People v. Cox
Justice John Hecht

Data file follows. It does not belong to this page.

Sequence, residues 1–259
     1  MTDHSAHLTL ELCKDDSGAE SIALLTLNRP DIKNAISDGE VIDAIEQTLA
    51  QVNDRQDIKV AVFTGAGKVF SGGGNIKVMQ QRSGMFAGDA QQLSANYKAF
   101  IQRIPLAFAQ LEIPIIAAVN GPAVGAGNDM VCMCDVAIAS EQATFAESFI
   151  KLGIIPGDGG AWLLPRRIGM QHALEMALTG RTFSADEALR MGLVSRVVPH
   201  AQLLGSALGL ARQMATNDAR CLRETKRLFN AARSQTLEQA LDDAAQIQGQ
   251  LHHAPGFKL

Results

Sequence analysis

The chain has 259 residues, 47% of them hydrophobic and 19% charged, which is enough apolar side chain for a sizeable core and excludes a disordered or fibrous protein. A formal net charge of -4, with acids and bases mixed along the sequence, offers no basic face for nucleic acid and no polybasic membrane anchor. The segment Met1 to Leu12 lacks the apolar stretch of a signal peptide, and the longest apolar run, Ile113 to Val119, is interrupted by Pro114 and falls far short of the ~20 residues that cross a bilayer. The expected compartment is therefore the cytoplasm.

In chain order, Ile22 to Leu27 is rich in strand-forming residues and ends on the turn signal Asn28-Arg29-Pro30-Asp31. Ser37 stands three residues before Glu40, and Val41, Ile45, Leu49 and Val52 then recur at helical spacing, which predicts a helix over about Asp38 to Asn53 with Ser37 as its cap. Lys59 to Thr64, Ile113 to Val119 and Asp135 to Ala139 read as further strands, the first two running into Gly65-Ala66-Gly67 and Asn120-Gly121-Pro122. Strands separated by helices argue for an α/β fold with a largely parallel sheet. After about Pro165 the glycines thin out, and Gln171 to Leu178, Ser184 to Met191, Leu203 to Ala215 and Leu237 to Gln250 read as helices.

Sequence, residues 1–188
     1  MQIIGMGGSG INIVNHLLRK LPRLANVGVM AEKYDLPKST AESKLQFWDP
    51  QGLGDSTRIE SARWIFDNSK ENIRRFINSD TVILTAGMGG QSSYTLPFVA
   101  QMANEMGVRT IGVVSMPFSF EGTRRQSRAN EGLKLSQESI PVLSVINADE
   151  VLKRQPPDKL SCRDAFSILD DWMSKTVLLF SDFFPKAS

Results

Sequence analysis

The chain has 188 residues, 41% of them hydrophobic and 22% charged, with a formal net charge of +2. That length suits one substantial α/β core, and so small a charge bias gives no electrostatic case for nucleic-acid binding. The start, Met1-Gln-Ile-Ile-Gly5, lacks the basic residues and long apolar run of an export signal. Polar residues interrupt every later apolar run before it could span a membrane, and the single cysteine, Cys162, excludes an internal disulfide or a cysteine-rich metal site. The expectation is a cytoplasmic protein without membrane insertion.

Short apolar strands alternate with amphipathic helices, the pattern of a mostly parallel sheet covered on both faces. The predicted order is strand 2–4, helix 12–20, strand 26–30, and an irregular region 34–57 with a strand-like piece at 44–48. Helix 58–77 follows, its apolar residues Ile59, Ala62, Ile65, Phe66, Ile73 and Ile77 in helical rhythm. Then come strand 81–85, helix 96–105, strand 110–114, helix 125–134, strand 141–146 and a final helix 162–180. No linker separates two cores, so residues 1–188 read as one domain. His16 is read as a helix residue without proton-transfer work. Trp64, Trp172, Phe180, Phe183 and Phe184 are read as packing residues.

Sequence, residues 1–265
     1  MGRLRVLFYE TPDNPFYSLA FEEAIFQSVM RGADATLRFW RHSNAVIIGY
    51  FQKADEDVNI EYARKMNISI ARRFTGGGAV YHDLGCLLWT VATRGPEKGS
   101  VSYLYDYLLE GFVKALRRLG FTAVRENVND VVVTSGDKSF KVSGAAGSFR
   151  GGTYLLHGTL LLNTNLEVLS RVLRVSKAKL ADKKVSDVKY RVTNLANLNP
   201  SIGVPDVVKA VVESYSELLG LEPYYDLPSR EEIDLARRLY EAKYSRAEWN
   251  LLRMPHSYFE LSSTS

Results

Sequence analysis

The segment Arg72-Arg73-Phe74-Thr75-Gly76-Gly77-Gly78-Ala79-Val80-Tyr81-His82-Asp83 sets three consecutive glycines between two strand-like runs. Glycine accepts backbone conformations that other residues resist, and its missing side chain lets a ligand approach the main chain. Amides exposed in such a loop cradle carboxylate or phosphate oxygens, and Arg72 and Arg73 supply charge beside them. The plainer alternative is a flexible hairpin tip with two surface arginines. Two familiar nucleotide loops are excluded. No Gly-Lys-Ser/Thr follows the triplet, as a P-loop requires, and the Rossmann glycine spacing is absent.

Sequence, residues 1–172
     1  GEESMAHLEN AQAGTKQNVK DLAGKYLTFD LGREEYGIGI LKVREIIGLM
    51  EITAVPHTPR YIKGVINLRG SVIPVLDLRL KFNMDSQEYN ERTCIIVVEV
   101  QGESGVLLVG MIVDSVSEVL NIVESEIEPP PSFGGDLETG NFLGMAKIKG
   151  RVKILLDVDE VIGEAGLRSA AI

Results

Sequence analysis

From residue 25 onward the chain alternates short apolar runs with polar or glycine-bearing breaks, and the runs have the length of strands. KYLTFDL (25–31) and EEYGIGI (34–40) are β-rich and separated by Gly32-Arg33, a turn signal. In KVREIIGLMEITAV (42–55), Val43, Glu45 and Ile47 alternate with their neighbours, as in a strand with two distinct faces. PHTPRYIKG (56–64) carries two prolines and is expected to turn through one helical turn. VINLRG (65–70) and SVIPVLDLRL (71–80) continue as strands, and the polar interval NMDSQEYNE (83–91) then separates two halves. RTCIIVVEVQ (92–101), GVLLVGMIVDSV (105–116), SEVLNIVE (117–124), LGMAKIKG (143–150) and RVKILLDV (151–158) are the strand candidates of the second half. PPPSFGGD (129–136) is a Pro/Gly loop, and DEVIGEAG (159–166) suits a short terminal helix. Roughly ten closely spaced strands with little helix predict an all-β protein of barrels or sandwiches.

Prosecutors sought to charge Cox with resisting arrest, but failed to charge the offense properly as they failed to plead the arrest with which he interfered was supported by probable cause. The court noted prosecutors' attempt to charge resisting arrest by another nameobstructing governmental administrationdid not change the conclusion. It was alleged Cox yelled, screamed and swung his arms at officers to prevent them from placing another individual under arrest. He was subsequently charged with resisting arrest for allegedly flailing his arms to prevent officers from handcuffing him. Cox moved for dismissal, arguing the charges were facially insufficient. The court agreed, noting by failing to allege the arrest of the third party was lawful, prosecutors failed to allege that Cox's attempt to stop it was not. It noted if Cox committed no offense when he resisted the arrest of the third party, it followed that his resisting his own arrest was not illegal. Yet the court stated as the accusatory instrument failed to allege the arrest of the third party with which Cox interfered was lawful, all charges were insufficiently pleaded. Hence, Cox's motion to dismiss for facial insufficiency was granted.